For any services business today, whatever the level of automation you have been able to achieve, it is still likely that your customers’ perception of the service you provide is significantly influenced by interaction with your staff. Given that most service businesses have numerous touch points, there is a strong chance that much of that interaction is not just with your sales or customer service team.

From delivery drivers to credit controllers, right down to the people interviewing candidates for a job, you are creating a lasting impression that could drive – or deter – a future purchase decision and determine customer loyalty. As HR professionals, we are in a better position to influence this than many might think.

What challenges does DHL Express face in the era of technology?

New challenges are more or less the same as the old ones. The questions we ask are the same but the answers have changed, matured and evolved, according to the new circumstances.

We like to approach challenges as learning opportunities. We train for certainty and educate for uncertainty.

At the human capital level, the trending concern today is around millennials. As generation Y enters the workforce and baby boomers begin to retire, HR and managers will need a new mindset and to address changing employment preferences, adopting a new leadership style and adjusting employee value propositions.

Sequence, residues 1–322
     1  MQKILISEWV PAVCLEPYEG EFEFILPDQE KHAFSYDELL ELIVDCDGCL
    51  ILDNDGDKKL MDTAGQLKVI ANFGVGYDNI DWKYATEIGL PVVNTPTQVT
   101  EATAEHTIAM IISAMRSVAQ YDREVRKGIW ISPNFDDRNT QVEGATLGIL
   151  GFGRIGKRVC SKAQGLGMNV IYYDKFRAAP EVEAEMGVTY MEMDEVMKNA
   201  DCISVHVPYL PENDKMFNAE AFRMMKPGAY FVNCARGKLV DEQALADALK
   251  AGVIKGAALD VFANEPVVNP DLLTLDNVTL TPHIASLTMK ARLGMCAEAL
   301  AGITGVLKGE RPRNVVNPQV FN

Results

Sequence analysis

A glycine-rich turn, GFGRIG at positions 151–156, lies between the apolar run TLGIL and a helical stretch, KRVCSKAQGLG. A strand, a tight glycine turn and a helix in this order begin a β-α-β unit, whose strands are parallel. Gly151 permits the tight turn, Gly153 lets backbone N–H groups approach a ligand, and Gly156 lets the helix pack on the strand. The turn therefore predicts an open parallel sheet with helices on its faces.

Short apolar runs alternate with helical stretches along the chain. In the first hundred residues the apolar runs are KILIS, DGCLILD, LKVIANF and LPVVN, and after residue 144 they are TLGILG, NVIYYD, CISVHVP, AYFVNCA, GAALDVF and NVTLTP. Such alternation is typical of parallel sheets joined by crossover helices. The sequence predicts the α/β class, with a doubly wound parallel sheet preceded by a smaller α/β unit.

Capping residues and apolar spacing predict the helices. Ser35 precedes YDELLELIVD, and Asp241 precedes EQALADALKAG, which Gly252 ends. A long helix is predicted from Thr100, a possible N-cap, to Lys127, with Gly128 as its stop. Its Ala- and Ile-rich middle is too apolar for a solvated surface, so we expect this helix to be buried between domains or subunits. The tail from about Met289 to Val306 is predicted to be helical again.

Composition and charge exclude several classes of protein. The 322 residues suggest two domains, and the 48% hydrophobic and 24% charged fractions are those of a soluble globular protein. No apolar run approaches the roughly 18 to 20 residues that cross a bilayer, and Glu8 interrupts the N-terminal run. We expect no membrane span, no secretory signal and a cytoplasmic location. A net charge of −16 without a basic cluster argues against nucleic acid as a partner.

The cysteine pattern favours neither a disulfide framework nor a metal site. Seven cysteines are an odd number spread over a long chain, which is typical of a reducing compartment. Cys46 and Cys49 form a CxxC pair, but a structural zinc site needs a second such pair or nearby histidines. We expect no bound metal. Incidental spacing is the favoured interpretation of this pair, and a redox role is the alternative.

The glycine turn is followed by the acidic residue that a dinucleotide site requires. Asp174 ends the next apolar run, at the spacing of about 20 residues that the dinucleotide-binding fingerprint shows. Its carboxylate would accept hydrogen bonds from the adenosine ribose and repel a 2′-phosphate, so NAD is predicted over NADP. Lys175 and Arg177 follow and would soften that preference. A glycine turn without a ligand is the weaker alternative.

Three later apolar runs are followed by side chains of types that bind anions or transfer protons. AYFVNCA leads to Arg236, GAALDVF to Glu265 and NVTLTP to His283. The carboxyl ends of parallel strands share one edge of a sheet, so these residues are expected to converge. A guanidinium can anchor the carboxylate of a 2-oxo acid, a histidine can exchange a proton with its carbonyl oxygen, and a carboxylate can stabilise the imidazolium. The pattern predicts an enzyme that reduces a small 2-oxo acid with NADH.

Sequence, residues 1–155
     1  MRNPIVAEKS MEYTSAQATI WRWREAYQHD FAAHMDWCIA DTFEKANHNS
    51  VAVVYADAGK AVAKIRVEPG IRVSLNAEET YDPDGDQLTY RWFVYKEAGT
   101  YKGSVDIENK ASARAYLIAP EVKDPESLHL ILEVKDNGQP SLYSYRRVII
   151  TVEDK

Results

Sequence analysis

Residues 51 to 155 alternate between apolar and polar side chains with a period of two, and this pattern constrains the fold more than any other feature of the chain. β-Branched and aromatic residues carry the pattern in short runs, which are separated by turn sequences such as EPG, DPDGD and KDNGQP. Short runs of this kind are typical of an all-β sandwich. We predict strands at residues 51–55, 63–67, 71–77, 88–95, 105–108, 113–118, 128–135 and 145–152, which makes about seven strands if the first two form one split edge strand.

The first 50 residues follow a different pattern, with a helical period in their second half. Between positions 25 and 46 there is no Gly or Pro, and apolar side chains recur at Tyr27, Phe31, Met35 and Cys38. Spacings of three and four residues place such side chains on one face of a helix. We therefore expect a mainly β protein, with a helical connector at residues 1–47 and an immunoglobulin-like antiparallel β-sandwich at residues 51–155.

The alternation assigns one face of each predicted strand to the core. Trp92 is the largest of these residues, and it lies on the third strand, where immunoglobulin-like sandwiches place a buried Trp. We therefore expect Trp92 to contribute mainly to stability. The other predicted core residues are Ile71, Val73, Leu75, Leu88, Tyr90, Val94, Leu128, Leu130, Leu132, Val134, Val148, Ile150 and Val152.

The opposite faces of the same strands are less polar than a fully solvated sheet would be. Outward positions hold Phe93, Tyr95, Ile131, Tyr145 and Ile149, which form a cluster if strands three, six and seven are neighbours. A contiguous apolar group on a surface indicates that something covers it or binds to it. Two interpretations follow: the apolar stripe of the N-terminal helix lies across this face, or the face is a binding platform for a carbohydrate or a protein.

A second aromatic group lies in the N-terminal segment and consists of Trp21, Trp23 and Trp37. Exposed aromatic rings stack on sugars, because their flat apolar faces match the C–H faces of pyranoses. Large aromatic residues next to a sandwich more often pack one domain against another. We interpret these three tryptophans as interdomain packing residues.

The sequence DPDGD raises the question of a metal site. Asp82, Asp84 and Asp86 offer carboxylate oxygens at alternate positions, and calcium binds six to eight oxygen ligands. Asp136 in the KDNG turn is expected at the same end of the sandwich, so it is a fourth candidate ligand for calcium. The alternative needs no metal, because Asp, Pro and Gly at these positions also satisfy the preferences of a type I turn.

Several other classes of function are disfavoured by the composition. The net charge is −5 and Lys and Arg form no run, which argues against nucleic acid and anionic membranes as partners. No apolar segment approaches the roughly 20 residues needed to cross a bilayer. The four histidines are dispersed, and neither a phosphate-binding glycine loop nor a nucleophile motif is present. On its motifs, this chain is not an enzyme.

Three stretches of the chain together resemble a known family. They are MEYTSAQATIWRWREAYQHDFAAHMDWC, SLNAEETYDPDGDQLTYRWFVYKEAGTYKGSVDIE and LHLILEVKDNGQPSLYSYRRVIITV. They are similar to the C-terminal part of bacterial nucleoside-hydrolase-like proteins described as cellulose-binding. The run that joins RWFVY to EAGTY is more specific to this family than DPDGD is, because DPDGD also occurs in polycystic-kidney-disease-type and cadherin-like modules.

What is your advice for your fellow HR leaders in the Middle East?

Success comes mainly from being clear about who you are, what you believe in and what you want. You cannot climb to the next rung on the ladder until you are excellent at what you do now. Hence, continuous learning is crucial to ensure you are up to speed with new trends.

What would you like your own leadership legacy to be?

‘Legacy’ is such a big word. I have learned that people will forget what you said, and what you did, but they will never forget how you made them feel.

I would like to be remembered as a leader, coach, friend and mentor. I believe that with each step you take, you identify new ways of mastering the fundamentals of leadership which, in turn, leverage and improve your leadership approach and communication style – complementing respect with results, profits with ethics and doing well while doing good.

Too many people think leadership is about control. I believe a true leader is one who inspires and then gets out of the way.